WAVES

Learning Objective: 

Recognize the difference between wind waves, swell waves, combined waves, and rogue or freak waves, and define fetch and steady state.

Wind, atmospheric pressure changes, seismic disturbances (such as earthquakes), and tidal attraction of the Sun and Moon all generate waves. However, since wind-generated waves are the most common waves, our discussion will center around their development and decay.

Wind Waves

Wind waves are one of the elements created by the interaction of the atmosphere and the sea surface. From small wavelets to high seas (seas 12 feet or greater), wind waves are the result of the energy of the wind being imparted to the sea.

Waves of various proportions (heights and lengths) develop within a wave-generating area (a fetch). Figure 1-1-1 shows the variation in wind-wave heights as recorded by a wave-recording instrument. As you can see, the quite varied wave heights are random in nature. The height attained by wind waves is dependent on wind speed, the time the wind blows in one direction (duration), and the length of the fetch (the area over which the wind is blowing).

When all of the wind’s energy is imparted to the sea within the fetch, the sea reaches a STEADY STATE. In a steady state, the waves are at their maximum height and are FULLY DEVELOPED for the prevailing wind speed. As an example, if over a calm (no wind) 60-nautical-mile stretch of ocean a 20-knot southwesterly wind develops, the water ripples and then small wavelets develop.

Eventually, all the energy of the 20-knot wind is imparted to the sea, and the waves become fully developed. Table 1-1-1 shows the wind-sea relationship for fully developed seas. For a 20-knot wind, it takes a minimum of 10 hours for a fully developed sea of 5- to 10-foot waves to develop.

When the wind is unable to impart its maximum energy to the waves, the sea does not fully develop. This can happen under two circumstances: 

(1) when the distance over which the wind blows is limited (the fetch is not long enough);

 or 

(2) when the wind is not in contact with the sea for a sufficient length of time (the wind hasn’t been blowing long enough).

FETCH-LIMITED SEA. —When the fetch length is too short, the wind is not in contact with the waves over a distance sufficient to impart the maximum energy to the waves. The ranges of wave frequencies and heights are therefore limited. The wave frequencies are smaller and the wave heights are less than those of a fully developed sea. The wave generation process is cutoff before the maximum energy can be imparted to the waves and the fetch reaches a steady state. Therefore, for every wind speed, a minimum fetch distance is required for the waves to become fully developed. If this minimum fetch requirement is not met, the sea is fetch limited.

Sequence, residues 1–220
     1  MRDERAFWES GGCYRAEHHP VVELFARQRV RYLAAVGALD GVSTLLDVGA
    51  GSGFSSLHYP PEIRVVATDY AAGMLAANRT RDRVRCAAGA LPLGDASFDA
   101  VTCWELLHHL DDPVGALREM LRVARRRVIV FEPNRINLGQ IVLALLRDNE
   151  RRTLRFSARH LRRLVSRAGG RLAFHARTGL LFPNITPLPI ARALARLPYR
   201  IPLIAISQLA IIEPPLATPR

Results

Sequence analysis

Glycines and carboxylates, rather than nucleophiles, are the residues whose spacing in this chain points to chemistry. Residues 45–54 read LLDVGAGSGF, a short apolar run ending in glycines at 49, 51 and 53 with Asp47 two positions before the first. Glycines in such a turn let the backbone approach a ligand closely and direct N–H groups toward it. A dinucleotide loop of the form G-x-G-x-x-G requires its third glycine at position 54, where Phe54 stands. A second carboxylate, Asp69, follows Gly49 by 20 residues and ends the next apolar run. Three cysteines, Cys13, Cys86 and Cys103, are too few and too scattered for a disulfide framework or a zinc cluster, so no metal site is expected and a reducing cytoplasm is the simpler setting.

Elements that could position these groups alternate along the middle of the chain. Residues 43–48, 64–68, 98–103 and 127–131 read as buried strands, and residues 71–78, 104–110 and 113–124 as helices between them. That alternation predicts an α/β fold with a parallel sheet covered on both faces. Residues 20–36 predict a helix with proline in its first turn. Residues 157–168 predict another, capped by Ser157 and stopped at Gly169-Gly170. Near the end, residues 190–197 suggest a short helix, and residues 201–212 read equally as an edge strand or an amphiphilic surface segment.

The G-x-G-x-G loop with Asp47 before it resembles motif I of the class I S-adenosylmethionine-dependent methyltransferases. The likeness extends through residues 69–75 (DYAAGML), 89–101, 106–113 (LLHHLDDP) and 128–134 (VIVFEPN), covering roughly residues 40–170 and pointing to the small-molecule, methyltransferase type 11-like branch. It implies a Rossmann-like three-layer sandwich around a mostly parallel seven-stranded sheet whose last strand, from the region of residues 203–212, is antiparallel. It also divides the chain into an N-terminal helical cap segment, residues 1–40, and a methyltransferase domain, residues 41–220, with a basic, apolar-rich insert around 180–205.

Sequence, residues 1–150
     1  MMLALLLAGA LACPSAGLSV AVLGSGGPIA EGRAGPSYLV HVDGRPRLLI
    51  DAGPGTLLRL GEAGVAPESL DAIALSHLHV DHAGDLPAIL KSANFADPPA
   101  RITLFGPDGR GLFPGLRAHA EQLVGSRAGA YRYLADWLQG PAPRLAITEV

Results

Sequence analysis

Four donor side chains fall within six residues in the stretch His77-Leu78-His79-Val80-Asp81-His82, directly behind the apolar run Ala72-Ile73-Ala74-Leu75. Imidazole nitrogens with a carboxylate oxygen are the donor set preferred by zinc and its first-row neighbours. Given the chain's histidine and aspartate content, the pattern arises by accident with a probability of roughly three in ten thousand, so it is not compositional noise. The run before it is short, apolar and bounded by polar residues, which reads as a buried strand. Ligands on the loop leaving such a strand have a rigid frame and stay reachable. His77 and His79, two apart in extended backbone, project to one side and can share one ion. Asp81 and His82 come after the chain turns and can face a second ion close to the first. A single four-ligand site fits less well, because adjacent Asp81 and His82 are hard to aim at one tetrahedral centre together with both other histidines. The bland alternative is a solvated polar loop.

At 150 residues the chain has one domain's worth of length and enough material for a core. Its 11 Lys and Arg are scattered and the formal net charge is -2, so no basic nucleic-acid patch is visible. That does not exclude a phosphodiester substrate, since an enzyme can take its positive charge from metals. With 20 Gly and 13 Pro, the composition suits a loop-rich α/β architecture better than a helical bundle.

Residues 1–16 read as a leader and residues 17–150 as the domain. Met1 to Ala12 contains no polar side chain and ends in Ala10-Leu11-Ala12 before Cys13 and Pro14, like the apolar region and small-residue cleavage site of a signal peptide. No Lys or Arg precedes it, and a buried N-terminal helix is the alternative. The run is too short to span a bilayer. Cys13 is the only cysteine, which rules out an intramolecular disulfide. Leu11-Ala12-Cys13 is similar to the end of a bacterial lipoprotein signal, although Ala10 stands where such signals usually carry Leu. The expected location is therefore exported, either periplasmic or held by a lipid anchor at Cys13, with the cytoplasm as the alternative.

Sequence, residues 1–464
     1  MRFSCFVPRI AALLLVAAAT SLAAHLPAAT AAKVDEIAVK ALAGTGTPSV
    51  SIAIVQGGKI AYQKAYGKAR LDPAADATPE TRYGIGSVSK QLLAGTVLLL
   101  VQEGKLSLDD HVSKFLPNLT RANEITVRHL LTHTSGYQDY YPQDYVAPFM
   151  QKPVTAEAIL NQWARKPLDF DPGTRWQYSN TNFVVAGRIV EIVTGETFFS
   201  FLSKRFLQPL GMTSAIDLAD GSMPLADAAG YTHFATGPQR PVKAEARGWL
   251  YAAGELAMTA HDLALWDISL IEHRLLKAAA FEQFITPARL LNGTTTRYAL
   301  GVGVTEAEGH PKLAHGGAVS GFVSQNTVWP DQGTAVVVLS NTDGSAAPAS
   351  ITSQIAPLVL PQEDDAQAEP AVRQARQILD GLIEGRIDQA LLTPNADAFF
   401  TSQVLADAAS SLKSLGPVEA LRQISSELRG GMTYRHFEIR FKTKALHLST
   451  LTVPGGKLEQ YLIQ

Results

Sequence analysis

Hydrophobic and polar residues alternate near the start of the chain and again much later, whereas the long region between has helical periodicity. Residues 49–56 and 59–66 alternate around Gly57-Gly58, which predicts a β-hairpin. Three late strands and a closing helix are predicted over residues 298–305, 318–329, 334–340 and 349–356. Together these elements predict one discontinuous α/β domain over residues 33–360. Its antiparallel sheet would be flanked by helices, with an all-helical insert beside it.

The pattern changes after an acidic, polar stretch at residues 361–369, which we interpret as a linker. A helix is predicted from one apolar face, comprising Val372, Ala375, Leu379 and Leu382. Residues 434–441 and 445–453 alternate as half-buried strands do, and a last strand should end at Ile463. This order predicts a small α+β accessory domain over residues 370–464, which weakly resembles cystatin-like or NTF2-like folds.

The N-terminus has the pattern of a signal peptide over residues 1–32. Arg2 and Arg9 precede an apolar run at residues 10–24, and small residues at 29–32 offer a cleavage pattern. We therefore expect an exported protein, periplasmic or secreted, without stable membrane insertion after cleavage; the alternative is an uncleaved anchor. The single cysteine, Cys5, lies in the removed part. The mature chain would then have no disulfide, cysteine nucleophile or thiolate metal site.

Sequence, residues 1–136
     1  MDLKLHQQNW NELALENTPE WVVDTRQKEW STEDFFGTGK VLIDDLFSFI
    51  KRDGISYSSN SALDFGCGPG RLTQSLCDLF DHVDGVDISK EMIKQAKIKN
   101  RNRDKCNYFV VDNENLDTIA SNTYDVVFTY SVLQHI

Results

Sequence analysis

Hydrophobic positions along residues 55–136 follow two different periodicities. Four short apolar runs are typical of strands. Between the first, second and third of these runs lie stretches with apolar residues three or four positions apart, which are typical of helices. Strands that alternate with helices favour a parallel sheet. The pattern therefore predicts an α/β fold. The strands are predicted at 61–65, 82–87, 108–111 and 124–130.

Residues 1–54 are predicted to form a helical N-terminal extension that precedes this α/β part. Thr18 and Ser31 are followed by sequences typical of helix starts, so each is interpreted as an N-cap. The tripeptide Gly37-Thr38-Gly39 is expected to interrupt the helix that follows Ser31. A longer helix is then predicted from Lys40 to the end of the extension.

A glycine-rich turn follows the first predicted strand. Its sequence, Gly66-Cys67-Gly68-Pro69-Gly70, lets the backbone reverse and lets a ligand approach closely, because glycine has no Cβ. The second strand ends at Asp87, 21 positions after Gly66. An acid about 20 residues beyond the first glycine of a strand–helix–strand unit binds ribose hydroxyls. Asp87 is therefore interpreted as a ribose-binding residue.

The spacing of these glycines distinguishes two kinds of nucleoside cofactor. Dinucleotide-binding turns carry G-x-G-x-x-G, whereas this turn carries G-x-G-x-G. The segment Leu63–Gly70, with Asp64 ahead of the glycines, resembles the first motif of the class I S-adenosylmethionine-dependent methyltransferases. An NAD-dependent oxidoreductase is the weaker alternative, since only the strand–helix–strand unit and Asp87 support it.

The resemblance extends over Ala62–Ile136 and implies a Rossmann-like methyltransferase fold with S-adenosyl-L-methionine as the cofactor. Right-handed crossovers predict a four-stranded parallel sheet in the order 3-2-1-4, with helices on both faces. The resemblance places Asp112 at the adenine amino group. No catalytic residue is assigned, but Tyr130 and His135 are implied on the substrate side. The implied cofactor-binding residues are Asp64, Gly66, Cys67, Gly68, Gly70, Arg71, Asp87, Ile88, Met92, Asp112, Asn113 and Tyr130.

DURATION-LIMITED SEA. —When the wind is in contact with the sea for too short a period of time, it doesn’t have enough time to impart the maximum energy to the sea. Any increase in wave frequencies and heights ceases before a fully developed state-of-the-sea commences. When this occurs, the sea is duration (time) limited. Therefore, every wind speed requires a minimum time for waves to become fully developed. If this time requirement not met, the sea is duration limited. The state-of-the-sea classifications are as follows: fully developed, fetch limited, and duration limited. Table 1-1-2 shows the minimum wind durations and fetch lengths needed to generate fully developed sea states for various wind speeds. When actual conditions fail to meet these minimum requirements, wave properties such as frequencies, lengths, and heights are determined by means of graphs or formulas.

Refer to table 1-1-1 again and notice that the wave height classifications are Average, Significant, and Highest 1/10. Average wave heights are based on the heights of all the waves observed, while significant wave heights pertain to the average height of the highest one-third of all the waves, and highest 1/10 pertains to the average height of the highest one-tenth of all the waves. In a fully developed fetch of 20-knot wind, average waves are 5 feet high, significant waves average 8 feet, and highest 1/10 average 10 feet. As wind waves move beyond the fetch, they become swell waves (also known as "swell"). The transformation of wind waves to swell waves also occurs when the wind over the fetch dies off.


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Ultimo aggiornamento: 29/11/14